What are we chasing for?

When traveling in the countryside, we always saw families sitting on the grassland, eating, drinking Suutei tsai (milk tea), talking and laughing, with a car parking nearby. In the first few days in Mongolia, I always wondered how come a family could afford time to have outing together even though it wasn’t weekend.

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The more I traveled in Mongolia, the more jealous I was towards Mongols. Most of people we met were nomads. Occasionally we passed by small towns and villages, which were like neighborhoods in China where everyone knew everyone. The whole families are together: women cook, men graze, kids play in mud, and the elders talk family affairs…

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I grew up in a village in east part of China. Back then we had our house with a clean river flowing in front of the yard and a small bamboo grove at the back. My grandparents had their own farmlands and orchard. My cousin and I could catch butterflies, earthworms, dragonflies, cicadas, etc. and we could pick oranges, peaches, pears, dates, strawberries, etc. We played rope skipping, shuttlecock kicking, and marble shooting with other kids in the village. Neighbors frequently visited each other and talked gossips while waving bamboo fans after sunset…

I was born in 1993, 15 years after the Economic Reform and Open Up, when China was undergoing rapid development. And as everyone knows, Eastern China was the most developed part. My hometown also underwent tremendous changes. When I was around 15, my village was starting to be torn down to make way for a provincial motorway. Since then, things started to change too. People moved to flats in towns or even bigger cities. They had better jobs instead of working in farmlands. However, something deep inside our heart also started to change. When we achieved more, we wanted even more – more money, bigger flats, nicer cars, etc. The days when one family could share a huge fish with all others in the village were gone. The days when kids were happy with new clothes before Chinese New Year were gone.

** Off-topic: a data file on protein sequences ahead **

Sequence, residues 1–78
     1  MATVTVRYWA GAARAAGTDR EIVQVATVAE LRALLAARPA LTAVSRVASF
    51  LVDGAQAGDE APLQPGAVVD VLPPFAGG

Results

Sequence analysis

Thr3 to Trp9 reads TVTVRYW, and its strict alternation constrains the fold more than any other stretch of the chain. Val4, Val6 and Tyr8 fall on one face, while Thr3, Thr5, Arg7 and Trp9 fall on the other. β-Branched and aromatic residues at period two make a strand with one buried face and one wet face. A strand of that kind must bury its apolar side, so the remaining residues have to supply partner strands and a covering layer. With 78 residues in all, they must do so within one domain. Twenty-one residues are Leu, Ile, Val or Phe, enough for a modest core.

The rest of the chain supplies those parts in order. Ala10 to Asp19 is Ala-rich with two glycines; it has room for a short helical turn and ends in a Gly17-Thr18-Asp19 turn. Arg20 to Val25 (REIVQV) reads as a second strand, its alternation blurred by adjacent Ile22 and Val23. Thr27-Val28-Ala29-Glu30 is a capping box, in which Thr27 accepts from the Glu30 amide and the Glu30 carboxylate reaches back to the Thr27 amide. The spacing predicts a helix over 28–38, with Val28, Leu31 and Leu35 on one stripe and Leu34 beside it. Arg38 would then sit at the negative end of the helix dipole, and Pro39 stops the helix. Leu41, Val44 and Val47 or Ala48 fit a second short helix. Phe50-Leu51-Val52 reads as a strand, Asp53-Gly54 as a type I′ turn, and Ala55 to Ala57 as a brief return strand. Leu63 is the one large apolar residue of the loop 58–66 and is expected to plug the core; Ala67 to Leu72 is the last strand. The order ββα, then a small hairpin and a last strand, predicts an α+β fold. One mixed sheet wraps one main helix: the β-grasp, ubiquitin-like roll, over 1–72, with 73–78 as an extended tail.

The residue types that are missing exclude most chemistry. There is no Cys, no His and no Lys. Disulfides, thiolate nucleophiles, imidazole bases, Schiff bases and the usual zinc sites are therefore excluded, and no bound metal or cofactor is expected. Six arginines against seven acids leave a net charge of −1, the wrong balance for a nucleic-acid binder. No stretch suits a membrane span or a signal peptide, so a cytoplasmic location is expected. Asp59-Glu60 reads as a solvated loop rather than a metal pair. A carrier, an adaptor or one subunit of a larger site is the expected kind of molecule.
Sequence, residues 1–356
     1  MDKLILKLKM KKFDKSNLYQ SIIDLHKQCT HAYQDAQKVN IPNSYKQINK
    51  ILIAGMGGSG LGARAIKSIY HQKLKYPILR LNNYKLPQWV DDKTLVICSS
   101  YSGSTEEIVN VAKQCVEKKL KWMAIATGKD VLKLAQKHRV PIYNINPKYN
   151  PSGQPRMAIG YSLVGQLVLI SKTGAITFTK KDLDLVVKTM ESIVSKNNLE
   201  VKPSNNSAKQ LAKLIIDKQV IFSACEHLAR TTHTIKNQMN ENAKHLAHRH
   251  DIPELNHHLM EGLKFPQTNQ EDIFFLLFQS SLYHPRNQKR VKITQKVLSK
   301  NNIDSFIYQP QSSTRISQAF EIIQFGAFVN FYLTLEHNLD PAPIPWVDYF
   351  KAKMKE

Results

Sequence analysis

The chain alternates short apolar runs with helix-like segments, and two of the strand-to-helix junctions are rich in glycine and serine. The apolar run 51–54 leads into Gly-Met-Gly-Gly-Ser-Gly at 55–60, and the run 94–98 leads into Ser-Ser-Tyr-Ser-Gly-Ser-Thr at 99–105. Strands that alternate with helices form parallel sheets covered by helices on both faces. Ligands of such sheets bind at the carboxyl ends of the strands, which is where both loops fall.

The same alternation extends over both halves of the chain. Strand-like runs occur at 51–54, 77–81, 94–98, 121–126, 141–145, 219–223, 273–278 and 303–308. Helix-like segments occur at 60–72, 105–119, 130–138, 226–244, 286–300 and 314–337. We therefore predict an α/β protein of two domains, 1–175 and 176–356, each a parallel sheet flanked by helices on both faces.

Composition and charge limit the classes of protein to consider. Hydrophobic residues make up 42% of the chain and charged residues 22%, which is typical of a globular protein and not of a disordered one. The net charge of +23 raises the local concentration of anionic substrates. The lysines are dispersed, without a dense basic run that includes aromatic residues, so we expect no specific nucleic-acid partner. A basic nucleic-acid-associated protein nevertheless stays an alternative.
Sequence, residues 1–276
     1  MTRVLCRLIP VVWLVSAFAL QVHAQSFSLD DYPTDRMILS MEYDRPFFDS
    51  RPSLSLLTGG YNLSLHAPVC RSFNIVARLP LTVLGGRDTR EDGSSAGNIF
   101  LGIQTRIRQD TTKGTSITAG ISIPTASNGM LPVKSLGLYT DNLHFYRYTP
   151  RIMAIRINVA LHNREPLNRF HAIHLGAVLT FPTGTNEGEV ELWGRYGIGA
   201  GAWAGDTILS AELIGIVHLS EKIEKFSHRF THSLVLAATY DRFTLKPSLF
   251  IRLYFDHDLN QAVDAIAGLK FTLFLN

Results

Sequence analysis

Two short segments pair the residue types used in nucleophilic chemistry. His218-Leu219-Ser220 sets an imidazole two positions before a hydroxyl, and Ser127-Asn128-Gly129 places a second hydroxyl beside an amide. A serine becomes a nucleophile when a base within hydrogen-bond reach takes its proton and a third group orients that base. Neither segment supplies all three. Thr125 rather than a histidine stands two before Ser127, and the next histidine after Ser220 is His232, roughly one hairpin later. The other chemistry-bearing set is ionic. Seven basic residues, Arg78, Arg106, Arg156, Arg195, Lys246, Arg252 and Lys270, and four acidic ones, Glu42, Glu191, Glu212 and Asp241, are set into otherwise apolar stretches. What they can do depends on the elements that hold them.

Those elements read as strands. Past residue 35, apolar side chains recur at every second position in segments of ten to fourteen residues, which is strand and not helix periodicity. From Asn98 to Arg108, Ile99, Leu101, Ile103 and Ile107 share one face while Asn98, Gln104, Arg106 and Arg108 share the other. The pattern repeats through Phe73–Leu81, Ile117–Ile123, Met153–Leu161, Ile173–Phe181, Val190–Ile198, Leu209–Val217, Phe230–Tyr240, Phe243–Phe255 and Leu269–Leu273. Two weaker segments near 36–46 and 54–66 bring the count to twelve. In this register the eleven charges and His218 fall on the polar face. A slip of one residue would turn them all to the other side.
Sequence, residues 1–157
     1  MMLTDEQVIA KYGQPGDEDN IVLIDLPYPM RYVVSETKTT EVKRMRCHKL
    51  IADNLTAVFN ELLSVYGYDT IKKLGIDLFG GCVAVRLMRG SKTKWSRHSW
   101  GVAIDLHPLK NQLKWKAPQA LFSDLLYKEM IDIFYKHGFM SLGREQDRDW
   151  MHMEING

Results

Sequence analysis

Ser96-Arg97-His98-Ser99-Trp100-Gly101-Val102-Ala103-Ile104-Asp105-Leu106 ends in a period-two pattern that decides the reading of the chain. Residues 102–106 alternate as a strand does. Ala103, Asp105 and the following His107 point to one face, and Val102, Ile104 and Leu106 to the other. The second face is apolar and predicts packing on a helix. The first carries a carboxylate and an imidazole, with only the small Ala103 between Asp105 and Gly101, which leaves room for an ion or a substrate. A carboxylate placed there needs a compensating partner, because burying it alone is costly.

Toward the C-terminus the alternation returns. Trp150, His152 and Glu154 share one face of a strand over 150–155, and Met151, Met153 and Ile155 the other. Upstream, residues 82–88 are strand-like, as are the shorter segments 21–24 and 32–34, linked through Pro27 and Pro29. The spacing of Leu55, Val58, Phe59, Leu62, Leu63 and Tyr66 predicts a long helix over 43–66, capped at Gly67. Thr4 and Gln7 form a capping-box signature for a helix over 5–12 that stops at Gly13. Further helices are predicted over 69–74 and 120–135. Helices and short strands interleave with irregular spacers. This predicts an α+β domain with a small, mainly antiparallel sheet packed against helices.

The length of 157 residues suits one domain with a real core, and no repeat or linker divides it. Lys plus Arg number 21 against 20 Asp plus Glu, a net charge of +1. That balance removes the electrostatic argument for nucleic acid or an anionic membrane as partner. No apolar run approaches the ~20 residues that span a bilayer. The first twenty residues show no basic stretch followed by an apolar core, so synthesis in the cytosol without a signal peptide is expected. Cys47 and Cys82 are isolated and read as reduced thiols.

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In the first two weeks back in the concrete jungle after my long trip, I couldn’t adapt to this fast living pace. Everyone is rushing and pushing. You don’t see people’s faces – either because they walk too fast or because they are too busy with their business on phones. Of course, people have to struggle to buy flats, cars, new iPhones, fancy clothes, top makeups, etc. However, looking at the nomads and thinking about ourselves, I doubt: are we really happy? When was the last time when we had a family get-together?

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